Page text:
I know everyone thinks this protest regarding the ‘yuppies’ is a nonsensical one, and maybe they are being too judgemental themselves but what I know is, the locals of Brixton, specially Brixton Market too, all black, white, asian, working and middle class are protesting about the loss of a culture and community that you have to admit gets a little lost when a shop moves in and they dont necessarily ‘fit’ the local scene. Why should people care? fine, but like the guys who opened the Jerk place near Manca, when he moved in, he arrogantly expressed in the Media how he had ‘bought real Jerk Chicken to Brixton..’ WTF?!?! Jerk Chicken bought your business to Brixton.. what did you think you were doing? Dont be so offensive and completely ignore the local culture. My point is, you cannot move in to an area and completely negate the local culture and community as thats what big businesses do and thats what kills ‘locality’ in places. This Champagne shop is not about the fact its posh or yuppies are moving in (but i will add, i dealt with many ‘Claphamites telling me…’Whaaat? you dont take card?? Just useless!’ … why ?? this is a little village and its how the local people have set it up.. Not every where should be ‘grimy and full of crackheads’ but not every where needs to work like a middle class franchise!), its about the fact that it seems (in appearance obviously to the locals) that they havent done their research, whether people want this product or not, they have negated what the essence of the market is about, how the local people use the market (not just your Friday night visitors) and what the local community enjoy. Gentrification will always happen and the benefits are good, we all know that, but what is so sad to watch, is the way that when an area is created with hard work and sweat by the locals, once it has any recognition for what it has become, it is taken and divided like a cake, everyone wanting a bit of the action and cash that they see it can make..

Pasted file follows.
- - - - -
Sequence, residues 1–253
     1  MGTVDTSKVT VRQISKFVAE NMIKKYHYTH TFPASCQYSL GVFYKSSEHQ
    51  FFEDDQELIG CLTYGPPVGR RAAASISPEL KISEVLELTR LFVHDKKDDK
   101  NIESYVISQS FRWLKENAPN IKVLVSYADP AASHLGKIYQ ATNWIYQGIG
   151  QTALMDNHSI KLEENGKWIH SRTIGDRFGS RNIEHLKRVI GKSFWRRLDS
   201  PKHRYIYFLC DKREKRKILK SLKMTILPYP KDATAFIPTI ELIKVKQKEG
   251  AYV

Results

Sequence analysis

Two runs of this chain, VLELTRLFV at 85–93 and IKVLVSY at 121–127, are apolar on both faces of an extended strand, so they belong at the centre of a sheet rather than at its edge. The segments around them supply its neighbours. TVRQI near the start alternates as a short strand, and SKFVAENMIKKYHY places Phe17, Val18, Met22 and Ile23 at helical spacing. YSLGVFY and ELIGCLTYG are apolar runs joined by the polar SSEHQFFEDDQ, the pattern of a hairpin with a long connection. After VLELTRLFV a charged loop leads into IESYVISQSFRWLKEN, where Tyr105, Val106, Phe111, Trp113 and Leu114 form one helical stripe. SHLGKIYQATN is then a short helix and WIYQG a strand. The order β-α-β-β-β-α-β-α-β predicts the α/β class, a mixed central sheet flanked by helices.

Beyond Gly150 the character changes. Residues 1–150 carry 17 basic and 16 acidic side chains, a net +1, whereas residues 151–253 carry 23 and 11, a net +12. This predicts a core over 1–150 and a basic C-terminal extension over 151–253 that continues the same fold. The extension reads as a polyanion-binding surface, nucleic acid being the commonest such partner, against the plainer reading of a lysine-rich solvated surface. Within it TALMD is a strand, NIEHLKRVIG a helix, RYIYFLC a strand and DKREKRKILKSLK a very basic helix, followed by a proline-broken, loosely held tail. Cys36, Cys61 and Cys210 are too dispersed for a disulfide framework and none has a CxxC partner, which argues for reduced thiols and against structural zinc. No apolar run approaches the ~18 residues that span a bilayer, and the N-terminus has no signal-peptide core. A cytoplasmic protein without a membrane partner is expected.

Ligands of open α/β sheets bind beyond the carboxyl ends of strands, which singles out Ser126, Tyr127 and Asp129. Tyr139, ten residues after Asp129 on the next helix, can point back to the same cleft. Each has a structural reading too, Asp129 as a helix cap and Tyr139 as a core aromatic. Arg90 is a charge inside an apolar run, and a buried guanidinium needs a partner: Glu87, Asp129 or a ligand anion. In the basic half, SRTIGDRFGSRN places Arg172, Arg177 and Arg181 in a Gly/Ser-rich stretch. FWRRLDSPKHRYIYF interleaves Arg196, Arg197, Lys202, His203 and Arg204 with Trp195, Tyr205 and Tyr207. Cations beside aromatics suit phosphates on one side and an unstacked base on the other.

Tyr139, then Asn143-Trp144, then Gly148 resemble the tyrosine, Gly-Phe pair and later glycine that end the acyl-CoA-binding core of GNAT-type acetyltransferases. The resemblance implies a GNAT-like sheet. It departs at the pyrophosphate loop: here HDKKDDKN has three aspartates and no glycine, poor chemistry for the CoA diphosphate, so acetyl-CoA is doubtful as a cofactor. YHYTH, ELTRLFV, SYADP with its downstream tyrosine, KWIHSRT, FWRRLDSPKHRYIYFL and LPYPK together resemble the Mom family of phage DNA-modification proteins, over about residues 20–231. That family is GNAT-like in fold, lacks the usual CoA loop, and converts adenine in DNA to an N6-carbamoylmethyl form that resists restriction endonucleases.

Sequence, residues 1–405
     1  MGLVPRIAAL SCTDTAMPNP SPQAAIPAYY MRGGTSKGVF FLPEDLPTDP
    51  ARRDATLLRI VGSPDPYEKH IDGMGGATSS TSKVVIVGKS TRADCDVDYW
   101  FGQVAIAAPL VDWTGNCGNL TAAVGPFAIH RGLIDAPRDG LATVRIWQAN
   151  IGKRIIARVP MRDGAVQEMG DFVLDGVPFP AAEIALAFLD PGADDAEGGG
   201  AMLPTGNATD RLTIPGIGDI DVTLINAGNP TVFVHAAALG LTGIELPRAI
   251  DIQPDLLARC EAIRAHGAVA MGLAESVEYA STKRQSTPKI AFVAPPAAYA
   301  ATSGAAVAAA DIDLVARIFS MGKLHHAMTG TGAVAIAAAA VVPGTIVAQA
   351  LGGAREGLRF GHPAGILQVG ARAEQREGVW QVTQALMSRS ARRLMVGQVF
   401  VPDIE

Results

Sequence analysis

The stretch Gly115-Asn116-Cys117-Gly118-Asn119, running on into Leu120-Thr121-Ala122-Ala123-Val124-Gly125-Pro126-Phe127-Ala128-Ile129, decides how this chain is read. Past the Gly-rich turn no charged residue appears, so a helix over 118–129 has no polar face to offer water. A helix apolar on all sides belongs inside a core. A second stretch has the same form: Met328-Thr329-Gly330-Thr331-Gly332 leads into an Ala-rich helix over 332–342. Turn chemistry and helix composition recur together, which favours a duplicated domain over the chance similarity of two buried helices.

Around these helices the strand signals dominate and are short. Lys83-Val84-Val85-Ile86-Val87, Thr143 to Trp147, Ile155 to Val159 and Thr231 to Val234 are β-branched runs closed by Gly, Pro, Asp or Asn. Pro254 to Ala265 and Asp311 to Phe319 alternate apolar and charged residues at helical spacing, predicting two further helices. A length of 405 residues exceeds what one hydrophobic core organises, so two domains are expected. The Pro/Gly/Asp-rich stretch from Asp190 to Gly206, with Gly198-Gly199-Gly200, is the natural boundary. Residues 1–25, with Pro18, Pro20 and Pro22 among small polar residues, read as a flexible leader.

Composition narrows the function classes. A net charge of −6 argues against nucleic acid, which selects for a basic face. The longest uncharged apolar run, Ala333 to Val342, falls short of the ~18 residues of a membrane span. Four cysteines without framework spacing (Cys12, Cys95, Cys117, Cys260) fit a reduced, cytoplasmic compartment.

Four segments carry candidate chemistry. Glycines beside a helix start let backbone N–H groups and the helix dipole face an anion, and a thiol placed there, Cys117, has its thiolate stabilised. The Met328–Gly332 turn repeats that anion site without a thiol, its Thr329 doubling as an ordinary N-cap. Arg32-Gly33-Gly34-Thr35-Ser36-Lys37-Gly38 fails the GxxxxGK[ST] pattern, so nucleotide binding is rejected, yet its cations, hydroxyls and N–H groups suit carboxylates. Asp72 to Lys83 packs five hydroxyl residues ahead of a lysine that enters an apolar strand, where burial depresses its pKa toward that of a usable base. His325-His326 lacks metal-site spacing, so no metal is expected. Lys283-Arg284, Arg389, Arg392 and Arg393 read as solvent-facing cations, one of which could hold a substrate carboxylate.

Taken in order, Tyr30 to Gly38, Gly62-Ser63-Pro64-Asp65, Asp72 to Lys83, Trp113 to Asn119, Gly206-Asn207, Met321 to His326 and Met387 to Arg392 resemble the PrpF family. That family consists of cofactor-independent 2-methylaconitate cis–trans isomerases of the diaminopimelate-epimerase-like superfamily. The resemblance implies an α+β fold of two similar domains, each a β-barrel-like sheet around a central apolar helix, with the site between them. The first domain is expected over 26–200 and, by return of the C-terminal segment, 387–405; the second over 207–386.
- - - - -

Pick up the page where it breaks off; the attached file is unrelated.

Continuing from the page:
So whilst i understand your frustration with all the ‘grimy crack addict middle class contradictory locals’ that were protesting, bare in mind that its more to do with what they are trying to save and its not just about pushing the ‘yuppies out’.

    but yeh, go enjoy your champagne…

    • Leonie,
      Admirable and moderate comments. I see exactly what you are saying about the loss of sense of community—some of the more daft units in the market are not only out of place but also not very good, and these will gradually fall away as people simply don’t go to them.
      But the urge to conserve the essential character of a neighbourhood should not be a guiding principle. If you try to stop change in a city, neighbourhood, region or country even, then you are on your way to becoming a reactionary—on your way to uttering the immortal words: “we don’t want that sort moving in round here.”
      Social change is uncomfortable because of the feeling of powerlessness it brings—but city neighbourhoods are always in a state of flux, and that goes for Brixton especially, one of the most variegated places in Britain, perhaps the world. It’s undergone almost unbelievable transformations since the 19th Century, it;s changing now, it will continue to change at rapid pace and there is nothing that any of us can do about it. Societies don’t just stop—it can’t be done. Except for in North Korea.
      If it’s significant, I’ve lived round here since 1976.